November 18, 2014
Three Architects Redefining Architecture for the Climate Change Era
Architects tackling the unseen will shape the future of their profession.
Advancements in bioengineering will mean increased human sensory perception, as well as a greater ability to perceive the material energies of these spaces.
Courtesy Sean Lally
“The world is keeping its eye on the unimportant visible one percent of historical transformation while missing the significance of the 99 percent of overall, unseen changes,” Buckminster Fuller warned in the Whole Earth Catalog in 1968, suggesting that such ignorance might one day cause man to annihilate himself. Even though he didn’t mention it by name, modern architecture was clearly one of his targets: “Forms no longer can ‘follow functions’ because the significant functions are invisible,” he wrote.
Today, Fuller would be gratified to see a new generation of architects embracing our crises of energy, climate, and ecology as catalysts for new creative directions.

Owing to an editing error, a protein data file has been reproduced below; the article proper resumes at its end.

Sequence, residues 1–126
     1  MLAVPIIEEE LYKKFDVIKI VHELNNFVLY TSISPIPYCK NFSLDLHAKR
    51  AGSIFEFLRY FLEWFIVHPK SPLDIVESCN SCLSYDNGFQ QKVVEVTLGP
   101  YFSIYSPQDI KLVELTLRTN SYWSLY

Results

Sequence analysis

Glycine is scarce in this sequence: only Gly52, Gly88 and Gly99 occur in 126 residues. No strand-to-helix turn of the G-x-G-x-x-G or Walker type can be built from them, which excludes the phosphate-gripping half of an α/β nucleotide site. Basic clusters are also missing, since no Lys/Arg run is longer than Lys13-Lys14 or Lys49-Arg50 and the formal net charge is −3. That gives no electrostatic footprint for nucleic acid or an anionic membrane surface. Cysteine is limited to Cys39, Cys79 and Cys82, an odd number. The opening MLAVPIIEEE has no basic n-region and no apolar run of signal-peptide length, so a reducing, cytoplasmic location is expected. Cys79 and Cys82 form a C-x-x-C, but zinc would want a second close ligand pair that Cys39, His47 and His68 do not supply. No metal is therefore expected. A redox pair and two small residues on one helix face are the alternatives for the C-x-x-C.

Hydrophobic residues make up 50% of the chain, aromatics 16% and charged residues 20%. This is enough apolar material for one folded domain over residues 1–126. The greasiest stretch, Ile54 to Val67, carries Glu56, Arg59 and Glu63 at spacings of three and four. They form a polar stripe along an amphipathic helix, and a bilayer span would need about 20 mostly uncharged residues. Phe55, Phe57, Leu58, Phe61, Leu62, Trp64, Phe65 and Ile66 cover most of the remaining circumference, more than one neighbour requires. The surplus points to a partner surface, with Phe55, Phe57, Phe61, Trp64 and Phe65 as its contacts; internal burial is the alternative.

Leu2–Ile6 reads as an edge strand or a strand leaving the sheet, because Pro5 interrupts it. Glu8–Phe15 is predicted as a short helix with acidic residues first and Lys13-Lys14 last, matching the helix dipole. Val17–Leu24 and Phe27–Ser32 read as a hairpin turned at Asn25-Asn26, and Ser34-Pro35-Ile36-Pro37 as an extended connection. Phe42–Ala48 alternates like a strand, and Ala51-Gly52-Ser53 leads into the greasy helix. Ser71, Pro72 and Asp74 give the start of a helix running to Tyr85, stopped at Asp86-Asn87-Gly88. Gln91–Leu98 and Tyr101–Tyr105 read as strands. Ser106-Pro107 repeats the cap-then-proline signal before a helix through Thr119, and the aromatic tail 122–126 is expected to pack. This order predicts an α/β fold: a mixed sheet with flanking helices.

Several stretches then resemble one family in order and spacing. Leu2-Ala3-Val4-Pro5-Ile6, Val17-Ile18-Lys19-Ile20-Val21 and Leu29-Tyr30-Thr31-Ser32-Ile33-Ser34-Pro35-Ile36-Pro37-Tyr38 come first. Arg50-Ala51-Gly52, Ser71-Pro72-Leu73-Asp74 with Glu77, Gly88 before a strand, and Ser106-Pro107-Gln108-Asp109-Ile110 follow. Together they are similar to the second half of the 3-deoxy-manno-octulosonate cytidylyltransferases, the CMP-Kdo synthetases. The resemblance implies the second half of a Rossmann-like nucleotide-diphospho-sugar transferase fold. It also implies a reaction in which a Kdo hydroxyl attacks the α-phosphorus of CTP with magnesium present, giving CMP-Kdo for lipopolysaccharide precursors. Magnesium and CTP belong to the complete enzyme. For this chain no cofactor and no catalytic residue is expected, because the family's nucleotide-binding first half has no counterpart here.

“It’s difficult to get architects and the general public excited about the importance of energy, other than it being an ethical and moral dilemma,” says the architect Sean Lally of the Chicago-based studio Weathers. Proposing walls of air, columns of heat, and cones of light, Lally argues that energy has a shape and, therefore, “an aesthetic, an organizational potential.” It follows that, one day, we will be able to design with energy.
This is a far cry from how most architects think about sustainability today. “They design the building like old architecture and then they add PV panels,” complains architect Philippe Rahm. New digital tools like Comsol and Ecotect, as well as collaborations with climate engineers, help him to accurately quantify and manipulate at least some of the “unseen changes” that Fuller despaired of grasping—temperature, humidity, air movement. Climate is the fundamental element of Rahm’s work.
In redefining architecture as the design of environments, not enclosures, Rahm and Lally have inevitably turned to designing outdoors, drawing upon the history and theory of landscape architecture. Susannah Drake, who trained as an architect and a landscape architect, understands the importance of both kinds of expertise as she seeks to reconnect cities with nature. “You have to understand the layers of where you work. Those layers can stretch from the bedrock up through to the clouds,” she says. Presumably this includes people and their politics—Drake’s work is increasingly driven by policy and advocacy.
The work of Lally, Rahm, and Drake is radical in the old sense of the word, for they are returning to the roots of their profession—the task of mediating between humans and the environment. These three practitioners may end up changing the shape of architecture.